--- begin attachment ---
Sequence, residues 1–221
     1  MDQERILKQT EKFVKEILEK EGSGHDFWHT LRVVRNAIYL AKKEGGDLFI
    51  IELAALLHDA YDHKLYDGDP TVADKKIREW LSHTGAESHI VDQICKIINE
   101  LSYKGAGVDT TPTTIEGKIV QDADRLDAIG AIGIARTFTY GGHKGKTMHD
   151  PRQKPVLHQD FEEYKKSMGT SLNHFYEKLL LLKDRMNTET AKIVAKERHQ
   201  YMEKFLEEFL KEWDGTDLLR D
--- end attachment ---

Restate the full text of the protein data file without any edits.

Sequence, residues 1–221
     1  MDQERILKQT EKFVKEILEK EGSGHDFWHT LRVVRNAIYL AKKEGGDLFI
    51  IELAALLHDA YDHKLYDGDP TVADKKIREW LSHTGAESHI VDQICKIINE
   101  LSYKGAGVDT TPTTIEGKIV QDADRLDAIG AIGIARTFTY GGHKGKTMHD
   151  PRQKPVLHQD FEEYKKSMGT SLNHFYEKLL LLKDRMNTET AKIVAKERHQ
   201  YMEKFLEEFL KEWDGTDLLR D